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Cybercrime tipping point

We surveyed analysts from 48 law enforcement organisations on how UK policing is responding to this new and growing threat

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Cybercrime

Our 2014 Cybercrime Tipping Point survey

The policing landscape is changing fast. Traditional crimes, such as burglary and car theft are reducing, but there is a growing awareness of ‘invisible’ crimes that take place behind closed doors, such as domestic violence, child abuse and modern slavery. Plus the internet and mobile communications have given rise to new crimes that exist purely in cyberspace, and old crimes whose scale and impact is transformed by the internet and mobile communications.

Carl Roberts and Nick Newman, PA security and policing experts, discuss the findings from PA's Cybercrime report
Carl Roberts and Nick Newman, PA security and policing experts, discuss the findings from PA's Cybercrime report


About the survey

To date, much of the focus on cyber has been biased towards  security measures, information assurance and education  - all designed to prevent attacks which compromise or damage the critical national infrastructure. Far less attention has been paid to helping the police deal with individual victims of cybercrimes, from bank fraud to online child sexual exploitation, or to catching those who commit those crimes.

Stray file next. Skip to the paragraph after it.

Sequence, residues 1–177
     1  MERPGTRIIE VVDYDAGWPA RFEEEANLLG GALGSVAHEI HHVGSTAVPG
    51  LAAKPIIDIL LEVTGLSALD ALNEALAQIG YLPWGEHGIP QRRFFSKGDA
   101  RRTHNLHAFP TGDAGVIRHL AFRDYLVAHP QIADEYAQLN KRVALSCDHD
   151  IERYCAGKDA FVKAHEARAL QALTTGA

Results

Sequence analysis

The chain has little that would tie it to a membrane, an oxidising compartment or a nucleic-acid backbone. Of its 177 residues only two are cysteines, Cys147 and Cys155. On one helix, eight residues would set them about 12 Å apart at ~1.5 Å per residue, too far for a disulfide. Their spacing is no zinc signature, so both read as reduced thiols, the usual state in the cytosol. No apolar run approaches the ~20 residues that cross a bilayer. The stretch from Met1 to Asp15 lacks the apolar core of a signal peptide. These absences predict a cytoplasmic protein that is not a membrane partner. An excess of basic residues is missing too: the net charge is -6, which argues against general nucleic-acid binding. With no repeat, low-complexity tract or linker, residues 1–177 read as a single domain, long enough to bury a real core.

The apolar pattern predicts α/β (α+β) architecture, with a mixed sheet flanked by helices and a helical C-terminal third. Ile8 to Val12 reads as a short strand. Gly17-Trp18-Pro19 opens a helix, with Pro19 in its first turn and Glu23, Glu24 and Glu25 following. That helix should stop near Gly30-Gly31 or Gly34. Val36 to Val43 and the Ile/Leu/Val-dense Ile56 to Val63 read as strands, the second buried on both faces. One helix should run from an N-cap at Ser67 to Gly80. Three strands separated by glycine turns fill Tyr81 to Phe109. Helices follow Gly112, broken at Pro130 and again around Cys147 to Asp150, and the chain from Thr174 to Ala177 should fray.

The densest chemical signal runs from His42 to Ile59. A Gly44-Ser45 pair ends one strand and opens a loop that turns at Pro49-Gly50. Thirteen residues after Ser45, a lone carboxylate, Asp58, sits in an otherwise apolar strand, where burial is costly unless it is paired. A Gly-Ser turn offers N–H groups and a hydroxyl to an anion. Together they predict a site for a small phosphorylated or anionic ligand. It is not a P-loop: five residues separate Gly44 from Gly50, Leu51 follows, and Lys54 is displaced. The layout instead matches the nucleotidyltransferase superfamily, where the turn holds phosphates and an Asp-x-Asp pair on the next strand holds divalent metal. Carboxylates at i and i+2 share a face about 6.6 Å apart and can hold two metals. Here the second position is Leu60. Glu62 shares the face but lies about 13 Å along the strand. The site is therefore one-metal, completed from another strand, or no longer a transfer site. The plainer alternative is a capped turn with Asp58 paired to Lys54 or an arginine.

Through our work across law enforcement, we are a seeing growing recognition of the importance of countering these threats, by developing the UK’s digital intelligence and investigation capabilities.

PA developed this survey in association with the National Analyst Working Group (NAWG) who represent analysts and researchers working in law enforcement agencies and police forces across the UK. Analysts and researchers are at the forefront of the response to cybercrime. Their role is to identify and analyse criminal threats so that policing activity and operations are targeted in the most effective and efficient way.

This survey provides an immensely valuable insight into the experience of those on the frontline. We are very grateful to the NAWG members who took part in our survey.

Download the full report

Discover the findings from our 2015 survey about the public perceptions of cybercrime 

Snapshot of findings

Our survey reveals that police intelligence analysts forecast the time they spend on cybercrime will treble over the next three years; and yet only 30% believe they have the skills and tools to do the job effectively.

"Three years ago cybercrime wasn't recognised as an issue, now we are beginning to recognise it but still can't respond effectively to it." UK Police Intelligence Analyst 


Technology is changing the policing landscape

 

Technology is changing the police landscape


Cybercrime is a new and rapidly growing threat

 

Cybercrime is a new and rapidly growing threat


Analysts have a limited capacity to focus on cybercrime

 

Analysts have limited capacity to focus on cyber


Few have the skills and tools to respond effectively

 

Few have the skills and tools to respond effectively


Better information sharing to join the dots

 

Better information sharing to join the dots


Many support the need for legislative change

 

Contact the authors

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